Example: Lose 21 lbs. over the next 7 months (and keep it off) = monthly goal of  3 lbs. Since my blood pressure was high (linked to stress and emotional eating), walk at 2 miles at least 3 days/week and ensure that eat at home at least 3 times within a week. This will allow me to plan my meals and intentionally eat healthier meals. 

3. Attainable

Your goal also needs to be realistic and achievable to be successful. In other words, it should stretch your abilities but still remain possible. When you set an attainable goal, you may be able to identify previously overlooked opportunities or resources that can bring you closer to it.

An attainable goal will usually answer questions such as:

  • How can I accomplish this goal?
  • How realistic is the goal, based on other constraints, such as financial factors?

Develop attitudes, abilities, skills, and financial capacity to reach goals. Look for previously overlooked opportunities to achieve your goal.

Example: Join a workout group or take a cooking class. Plan meals ahead to avoid eating on the run. Bonus — this can be an opportunity to meet like minded people and eliminate the stress of eating alone.

4. Realistic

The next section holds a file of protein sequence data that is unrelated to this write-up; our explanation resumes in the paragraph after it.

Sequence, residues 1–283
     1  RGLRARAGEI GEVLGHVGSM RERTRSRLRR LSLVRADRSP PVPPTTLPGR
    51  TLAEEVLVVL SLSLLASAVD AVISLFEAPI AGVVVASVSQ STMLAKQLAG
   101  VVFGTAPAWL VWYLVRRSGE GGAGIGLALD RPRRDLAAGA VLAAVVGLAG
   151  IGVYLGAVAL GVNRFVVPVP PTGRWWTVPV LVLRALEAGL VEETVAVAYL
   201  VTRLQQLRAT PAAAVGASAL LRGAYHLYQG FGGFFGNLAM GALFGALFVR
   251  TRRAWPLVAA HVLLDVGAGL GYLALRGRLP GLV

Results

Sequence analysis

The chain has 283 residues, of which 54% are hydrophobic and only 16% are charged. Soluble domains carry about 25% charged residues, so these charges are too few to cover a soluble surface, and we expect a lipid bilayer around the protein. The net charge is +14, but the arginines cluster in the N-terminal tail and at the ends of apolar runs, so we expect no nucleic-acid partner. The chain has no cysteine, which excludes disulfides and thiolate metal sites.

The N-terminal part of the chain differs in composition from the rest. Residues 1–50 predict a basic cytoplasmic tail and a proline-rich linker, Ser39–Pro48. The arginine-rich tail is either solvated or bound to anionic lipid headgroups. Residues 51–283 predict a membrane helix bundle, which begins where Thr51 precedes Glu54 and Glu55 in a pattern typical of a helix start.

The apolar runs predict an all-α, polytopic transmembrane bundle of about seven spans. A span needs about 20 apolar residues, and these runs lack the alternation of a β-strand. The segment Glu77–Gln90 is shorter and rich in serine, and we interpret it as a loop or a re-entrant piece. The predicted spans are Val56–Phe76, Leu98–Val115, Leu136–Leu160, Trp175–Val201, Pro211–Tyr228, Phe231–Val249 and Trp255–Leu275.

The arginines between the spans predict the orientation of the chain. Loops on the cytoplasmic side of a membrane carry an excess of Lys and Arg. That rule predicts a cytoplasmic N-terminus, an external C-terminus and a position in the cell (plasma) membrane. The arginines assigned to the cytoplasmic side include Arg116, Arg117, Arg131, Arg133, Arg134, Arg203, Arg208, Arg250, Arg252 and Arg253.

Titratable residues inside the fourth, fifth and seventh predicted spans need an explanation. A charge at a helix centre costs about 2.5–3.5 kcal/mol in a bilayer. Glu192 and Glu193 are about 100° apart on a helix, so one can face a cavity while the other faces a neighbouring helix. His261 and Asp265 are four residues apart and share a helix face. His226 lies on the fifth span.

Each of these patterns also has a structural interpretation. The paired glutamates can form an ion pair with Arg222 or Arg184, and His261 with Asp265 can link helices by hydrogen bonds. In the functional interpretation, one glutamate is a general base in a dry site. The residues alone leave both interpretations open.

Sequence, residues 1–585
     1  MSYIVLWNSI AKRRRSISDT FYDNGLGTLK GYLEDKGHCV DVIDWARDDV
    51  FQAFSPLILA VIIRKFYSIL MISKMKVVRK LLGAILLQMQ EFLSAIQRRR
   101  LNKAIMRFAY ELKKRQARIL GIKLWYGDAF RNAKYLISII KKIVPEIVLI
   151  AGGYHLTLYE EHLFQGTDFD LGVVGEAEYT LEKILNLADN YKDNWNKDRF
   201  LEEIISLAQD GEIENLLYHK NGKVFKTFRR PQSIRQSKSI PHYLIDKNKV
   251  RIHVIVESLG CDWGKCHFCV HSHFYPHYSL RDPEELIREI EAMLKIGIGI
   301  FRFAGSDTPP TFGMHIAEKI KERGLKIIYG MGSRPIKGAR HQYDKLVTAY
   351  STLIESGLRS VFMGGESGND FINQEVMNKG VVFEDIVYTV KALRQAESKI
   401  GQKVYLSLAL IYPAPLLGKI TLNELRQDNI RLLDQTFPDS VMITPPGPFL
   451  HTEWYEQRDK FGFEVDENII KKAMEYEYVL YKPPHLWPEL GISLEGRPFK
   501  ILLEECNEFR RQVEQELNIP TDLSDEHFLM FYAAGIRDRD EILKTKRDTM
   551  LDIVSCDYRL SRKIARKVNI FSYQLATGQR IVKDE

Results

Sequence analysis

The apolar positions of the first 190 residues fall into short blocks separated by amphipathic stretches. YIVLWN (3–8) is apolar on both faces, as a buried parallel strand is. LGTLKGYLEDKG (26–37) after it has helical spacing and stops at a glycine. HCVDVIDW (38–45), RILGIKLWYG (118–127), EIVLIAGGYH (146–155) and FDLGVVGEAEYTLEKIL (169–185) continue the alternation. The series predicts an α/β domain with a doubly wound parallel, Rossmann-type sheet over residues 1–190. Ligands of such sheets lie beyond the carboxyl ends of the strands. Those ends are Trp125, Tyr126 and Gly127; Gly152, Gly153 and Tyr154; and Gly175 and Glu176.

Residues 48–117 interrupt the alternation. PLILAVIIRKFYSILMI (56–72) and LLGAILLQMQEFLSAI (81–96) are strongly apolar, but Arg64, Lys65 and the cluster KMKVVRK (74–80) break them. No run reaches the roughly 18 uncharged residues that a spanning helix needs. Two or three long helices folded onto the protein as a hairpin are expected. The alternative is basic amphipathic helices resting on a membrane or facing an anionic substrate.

This step is about ensuring that your goal matters to you, and that it also aligns with other goals. We all need support and assistance in achieving our goals, but it's important to retain control over them. So, make sure that your plans drive everyone forward, but that you're still responsible for achieving your own goal.

A realistic goal can answer "yes" to these questions:

  • Does this seem worthwhile?
  • Is this the right time?
  • Does this match our other efforts/needs?
  • Am I the right person to reach this goal?
  • Is it applicable in the current socio-economic environment?

Your goal should have the right amount of challenge. Have you accomplished something similar in the past? You must believe that you can truly accomplish it.

Example: I watched my mother health decline at an early age and I want to live a healthier lifestyle as I age. I want to live a life free from excessive prescribed medicines. I know that eating more whole foods and moving my beautiful body regularly will lead to lower body weight and better life. 

5. Timely

Every goal needs a target date, so that you have a deadline to focus on and something to work toward. This part of the SMART goal criteria helps to prevent everyday tasks from taking priority over your longer-term goals.

A time-bound goal will usually answer these questions:

  • When?
  • What can I do six months from now?
  • What can I do six weeks from now?
  • What can I do today?

Anchor your goal to a specific time frame (it helps to create focus and sense of urgency).